Selecting breeding animals at younger ages reduces generation interval, but also increases risk for long term profit because selection is less accurate and for management decisions because there is more variation in early reproductive performance of ewes. This study simulated different flock age structures and young ewe fertility levels in Merino breeding programs and compared average genetic gain and variation in genetic gain. Genetic gain increased by 18% when ewe fertility at 1 year of age increased from 10% to 90%. Age structure mainly influenced the risk of a particular breeding program design, as measured by increased variation in outcomes. Early selection in one or both sexes increased risk due to low accuracy of selection. The recent advent of breeding values utilizing genomic information presents opportunities to increase selection accuracy at younger ages and reduce the risk associated with early selection.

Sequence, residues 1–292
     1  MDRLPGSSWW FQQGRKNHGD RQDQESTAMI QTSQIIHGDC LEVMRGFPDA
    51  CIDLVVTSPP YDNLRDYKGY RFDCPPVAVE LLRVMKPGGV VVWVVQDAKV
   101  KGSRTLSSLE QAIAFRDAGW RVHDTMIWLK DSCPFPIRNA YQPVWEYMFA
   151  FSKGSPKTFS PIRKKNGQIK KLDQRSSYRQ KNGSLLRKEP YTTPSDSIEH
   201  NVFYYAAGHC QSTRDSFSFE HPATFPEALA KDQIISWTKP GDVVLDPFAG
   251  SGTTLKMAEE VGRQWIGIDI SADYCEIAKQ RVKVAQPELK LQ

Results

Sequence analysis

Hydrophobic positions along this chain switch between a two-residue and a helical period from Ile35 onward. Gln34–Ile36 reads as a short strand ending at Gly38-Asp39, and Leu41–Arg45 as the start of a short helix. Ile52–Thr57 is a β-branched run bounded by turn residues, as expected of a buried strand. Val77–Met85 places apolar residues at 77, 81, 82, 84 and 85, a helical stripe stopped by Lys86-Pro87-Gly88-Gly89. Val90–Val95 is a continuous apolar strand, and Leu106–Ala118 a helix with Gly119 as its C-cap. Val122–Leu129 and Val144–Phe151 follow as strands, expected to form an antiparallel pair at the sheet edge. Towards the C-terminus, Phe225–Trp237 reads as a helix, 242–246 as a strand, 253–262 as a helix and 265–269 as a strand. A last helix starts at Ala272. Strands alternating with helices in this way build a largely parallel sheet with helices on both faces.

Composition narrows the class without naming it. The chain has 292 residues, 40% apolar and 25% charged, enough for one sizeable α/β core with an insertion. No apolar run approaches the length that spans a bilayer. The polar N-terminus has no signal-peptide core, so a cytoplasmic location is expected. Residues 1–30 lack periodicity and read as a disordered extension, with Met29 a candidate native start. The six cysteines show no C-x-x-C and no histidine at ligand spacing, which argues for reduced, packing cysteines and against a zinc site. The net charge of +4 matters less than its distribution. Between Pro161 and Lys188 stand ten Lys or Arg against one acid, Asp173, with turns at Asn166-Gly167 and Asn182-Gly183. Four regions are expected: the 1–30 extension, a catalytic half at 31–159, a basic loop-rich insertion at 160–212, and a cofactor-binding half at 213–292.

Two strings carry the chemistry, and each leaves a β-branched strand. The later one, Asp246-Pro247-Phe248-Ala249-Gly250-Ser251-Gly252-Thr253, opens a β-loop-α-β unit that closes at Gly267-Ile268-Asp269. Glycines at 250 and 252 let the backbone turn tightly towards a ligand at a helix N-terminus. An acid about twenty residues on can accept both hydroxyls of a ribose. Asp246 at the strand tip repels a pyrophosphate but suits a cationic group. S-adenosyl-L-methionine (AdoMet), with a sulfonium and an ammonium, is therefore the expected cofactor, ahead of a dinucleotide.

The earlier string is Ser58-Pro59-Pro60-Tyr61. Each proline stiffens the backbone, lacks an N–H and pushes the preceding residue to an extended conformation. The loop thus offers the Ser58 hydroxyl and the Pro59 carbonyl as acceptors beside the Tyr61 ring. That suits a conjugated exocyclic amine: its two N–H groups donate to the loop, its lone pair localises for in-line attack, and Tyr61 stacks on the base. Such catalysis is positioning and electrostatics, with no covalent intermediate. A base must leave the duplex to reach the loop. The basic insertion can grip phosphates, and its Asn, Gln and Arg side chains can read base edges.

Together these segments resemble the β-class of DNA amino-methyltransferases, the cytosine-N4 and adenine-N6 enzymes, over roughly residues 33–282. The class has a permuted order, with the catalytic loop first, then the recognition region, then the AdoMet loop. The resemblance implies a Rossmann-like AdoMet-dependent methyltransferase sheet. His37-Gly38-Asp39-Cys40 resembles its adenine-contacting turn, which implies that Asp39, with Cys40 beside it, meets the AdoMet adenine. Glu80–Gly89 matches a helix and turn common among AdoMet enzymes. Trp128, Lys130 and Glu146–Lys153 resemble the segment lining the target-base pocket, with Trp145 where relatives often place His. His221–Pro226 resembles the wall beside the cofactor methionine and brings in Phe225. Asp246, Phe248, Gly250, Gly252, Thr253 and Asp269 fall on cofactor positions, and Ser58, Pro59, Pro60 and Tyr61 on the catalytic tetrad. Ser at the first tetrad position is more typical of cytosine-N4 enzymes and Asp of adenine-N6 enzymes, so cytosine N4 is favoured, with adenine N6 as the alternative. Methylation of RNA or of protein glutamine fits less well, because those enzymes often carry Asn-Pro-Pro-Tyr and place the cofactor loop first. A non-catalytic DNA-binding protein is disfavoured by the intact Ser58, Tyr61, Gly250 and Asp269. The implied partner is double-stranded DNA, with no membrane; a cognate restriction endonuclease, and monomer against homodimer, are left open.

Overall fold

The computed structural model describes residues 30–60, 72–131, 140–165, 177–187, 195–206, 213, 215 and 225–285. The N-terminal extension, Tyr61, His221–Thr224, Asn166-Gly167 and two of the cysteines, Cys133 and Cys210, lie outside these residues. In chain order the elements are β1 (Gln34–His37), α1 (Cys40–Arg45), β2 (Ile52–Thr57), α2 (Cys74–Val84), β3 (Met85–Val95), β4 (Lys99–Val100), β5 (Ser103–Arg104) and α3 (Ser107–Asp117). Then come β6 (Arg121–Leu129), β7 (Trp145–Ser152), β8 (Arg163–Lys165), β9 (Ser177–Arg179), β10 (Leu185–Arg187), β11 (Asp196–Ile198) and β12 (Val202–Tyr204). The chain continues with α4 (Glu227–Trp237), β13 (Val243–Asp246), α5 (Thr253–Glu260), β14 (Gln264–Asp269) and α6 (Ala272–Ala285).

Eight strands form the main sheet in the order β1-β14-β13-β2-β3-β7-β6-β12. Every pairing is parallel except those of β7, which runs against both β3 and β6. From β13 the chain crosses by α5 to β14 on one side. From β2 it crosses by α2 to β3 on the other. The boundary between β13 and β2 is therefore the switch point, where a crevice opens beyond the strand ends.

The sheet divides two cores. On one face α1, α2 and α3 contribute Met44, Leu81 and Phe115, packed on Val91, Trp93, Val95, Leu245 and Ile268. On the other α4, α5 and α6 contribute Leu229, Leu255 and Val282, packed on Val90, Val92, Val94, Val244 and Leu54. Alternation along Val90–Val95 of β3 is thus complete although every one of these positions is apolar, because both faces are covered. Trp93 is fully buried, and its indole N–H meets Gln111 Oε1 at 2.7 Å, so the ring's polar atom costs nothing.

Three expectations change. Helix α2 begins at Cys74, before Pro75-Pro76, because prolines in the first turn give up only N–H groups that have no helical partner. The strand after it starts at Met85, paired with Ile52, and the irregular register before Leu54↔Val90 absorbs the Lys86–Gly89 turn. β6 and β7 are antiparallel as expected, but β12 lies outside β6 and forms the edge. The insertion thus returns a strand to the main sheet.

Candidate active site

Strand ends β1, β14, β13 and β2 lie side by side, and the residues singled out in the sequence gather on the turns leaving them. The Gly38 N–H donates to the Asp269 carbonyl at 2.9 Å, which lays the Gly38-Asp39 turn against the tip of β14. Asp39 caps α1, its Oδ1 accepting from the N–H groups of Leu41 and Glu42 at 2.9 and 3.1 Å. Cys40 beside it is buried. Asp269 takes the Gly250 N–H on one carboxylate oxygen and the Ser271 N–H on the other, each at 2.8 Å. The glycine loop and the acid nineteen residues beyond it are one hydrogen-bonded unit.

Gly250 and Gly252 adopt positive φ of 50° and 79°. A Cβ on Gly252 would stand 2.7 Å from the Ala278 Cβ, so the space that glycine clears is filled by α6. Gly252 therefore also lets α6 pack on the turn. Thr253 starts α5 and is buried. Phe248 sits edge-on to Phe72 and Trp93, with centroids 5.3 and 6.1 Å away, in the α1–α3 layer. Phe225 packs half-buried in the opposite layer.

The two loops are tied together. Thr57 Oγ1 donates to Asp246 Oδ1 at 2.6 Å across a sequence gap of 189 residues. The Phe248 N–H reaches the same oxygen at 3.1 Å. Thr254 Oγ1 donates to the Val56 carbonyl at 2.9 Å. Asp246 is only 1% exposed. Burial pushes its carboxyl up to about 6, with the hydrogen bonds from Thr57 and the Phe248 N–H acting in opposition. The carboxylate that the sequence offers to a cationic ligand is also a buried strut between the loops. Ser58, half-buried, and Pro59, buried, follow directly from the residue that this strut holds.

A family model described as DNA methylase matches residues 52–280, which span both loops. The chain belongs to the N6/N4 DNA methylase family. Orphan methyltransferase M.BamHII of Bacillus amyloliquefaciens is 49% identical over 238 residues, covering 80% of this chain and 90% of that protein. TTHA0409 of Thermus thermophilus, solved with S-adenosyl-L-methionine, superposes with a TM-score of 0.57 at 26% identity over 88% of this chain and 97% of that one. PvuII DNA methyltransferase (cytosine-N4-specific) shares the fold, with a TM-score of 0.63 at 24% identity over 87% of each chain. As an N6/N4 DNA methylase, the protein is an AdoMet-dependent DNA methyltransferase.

Proceedings of the World Congress on Genetics Applied to Livestock Production, Volume Species Breeding: Sheep and goats (Posters), , 912, 2014
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